Ireland coach Declan Kidney has warned his side not to take an RBS 6 Nations Grand Slam for granted after they edged a step closer in Dublin on Saturday.
Ireland remain on course for a first Grand Slam since 1948 after dispatching England in a brutal encounter at Croke Park.
But the scoreline failed to reflect their superiority and Kidney insists his side were hamstrung by slow ball.
"We showed good resilience and pressure throughout and that is improving," he added.
"The forwards brought huge energy to the pitch, guys like Paul O'Connell hit so many rucks.
"But we didn't get enough quick ball and the gaps just weren't appearing."
Ireland now travel to Scotland for their penultimate match as favourites to win the Six Nations title, but Kidney still believes his side are punching above their weight.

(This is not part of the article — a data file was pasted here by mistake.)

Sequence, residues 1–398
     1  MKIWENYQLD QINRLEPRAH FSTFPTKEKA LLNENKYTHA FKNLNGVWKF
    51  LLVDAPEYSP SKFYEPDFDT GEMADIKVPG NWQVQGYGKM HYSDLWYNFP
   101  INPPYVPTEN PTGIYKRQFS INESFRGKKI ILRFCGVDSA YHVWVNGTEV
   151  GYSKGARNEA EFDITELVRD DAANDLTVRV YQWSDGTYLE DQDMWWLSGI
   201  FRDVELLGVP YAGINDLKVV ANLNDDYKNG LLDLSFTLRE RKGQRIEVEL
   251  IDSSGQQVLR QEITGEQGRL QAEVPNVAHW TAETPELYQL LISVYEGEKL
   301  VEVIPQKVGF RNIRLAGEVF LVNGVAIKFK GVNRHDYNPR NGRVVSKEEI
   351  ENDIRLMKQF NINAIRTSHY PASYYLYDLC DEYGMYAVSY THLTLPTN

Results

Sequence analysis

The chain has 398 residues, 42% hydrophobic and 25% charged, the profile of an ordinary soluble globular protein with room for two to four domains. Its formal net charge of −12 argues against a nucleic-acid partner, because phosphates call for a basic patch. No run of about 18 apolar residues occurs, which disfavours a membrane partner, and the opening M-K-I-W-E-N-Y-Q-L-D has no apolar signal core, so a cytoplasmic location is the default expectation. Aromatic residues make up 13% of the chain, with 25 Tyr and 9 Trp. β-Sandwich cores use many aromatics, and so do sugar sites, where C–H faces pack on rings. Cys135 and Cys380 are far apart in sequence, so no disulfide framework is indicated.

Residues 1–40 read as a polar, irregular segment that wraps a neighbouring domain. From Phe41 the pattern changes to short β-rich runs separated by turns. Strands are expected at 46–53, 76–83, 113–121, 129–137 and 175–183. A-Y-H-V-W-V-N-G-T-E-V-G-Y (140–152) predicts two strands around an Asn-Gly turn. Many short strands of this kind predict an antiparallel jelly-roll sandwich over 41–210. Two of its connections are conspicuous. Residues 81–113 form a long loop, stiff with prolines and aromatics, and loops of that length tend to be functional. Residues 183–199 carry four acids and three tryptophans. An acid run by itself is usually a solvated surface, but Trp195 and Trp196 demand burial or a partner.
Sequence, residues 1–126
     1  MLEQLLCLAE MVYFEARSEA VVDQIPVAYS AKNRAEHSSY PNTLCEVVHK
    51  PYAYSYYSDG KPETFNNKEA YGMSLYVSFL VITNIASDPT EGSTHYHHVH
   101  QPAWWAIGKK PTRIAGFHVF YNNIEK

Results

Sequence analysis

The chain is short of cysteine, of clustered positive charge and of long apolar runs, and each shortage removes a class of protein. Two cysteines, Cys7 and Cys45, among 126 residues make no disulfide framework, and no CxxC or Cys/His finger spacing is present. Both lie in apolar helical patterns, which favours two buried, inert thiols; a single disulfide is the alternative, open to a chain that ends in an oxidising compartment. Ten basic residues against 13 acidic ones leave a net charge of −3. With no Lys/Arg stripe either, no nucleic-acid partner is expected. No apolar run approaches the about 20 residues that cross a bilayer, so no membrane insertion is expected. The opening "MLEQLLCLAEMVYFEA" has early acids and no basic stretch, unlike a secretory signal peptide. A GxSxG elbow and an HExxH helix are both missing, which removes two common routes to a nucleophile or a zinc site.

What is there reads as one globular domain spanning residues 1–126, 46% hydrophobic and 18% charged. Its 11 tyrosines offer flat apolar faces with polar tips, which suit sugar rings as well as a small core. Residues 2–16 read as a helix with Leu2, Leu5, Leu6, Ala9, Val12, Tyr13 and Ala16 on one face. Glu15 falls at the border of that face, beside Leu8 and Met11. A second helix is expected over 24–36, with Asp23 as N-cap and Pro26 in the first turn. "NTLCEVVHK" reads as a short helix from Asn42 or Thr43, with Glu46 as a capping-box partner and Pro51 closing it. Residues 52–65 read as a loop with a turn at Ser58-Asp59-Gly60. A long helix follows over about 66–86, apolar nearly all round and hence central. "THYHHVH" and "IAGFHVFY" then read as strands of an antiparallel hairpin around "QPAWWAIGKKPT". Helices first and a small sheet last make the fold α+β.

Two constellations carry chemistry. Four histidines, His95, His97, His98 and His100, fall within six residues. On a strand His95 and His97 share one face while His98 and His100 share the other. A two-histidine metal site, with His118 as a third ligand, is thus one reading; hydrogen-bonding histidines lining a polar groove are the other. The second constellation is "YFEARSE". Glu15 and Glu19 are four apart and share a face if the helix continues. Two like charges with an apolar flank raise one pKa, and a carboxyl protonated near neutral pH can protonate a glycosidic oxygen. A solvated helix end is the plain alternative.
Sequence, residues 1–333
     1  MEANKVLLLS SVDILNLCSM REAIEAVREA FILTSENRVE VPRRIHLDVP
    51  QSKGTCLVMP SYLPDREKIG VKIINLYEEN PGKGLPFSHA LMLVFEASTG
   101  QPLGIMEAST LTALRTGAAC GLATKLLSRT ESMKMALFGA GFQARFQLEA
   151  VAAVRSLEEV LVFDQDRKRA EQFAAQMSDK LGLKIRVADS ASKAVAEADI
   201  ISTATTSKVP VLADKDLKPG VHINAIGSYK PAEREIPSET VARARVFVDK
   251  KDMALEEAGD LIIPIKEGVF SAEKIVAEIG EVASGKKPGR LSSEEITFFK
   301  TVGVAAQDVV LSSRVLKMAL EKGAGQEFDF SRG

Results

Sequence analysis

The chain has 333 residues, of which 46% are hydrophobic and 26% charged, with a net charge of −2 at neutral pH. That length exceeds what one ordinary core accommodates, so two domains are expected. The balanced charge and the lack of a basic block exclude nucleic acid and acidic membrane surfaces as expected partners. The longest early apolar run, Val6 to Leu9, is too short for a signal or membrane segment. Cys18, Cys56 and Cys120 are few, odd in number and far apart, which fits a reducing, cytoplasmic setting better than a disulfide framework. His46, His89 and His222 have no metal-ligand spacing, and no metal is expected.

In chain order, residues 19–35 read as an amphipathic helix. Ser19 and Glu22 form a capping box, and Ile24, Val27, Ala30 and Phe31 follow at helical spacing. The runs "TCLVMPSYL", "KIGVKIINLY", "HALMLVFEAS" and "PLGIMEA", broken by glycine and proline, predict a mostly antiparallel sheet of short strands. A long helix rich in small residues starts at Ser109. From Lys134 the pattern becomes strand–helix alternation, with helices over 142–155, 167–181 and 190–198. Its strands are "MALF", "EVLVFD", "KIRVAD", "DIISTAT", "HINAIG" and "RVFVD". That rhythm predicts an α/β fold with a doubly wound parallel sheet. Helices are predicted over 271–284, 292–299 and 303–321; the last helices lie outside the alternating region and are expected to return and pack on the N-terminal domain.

"The view that we would beat England heavily never came from us," said the former Munster coach.
"There is never a bad England team, especially when their backs are against the wall like they were when they played us.
"They were extremely difficult to break down and we had to put our all into it.
"We're an okay team. We have four professional teams, England have 12 and they have a semi-professional league below that.
"We came away with a one-point win in a venue that is very important to us. It was important to win both games against them here.
"There's a lot of experience in our team. They have been down different roads in the past but we know there's no one like Scotland to disturb a party."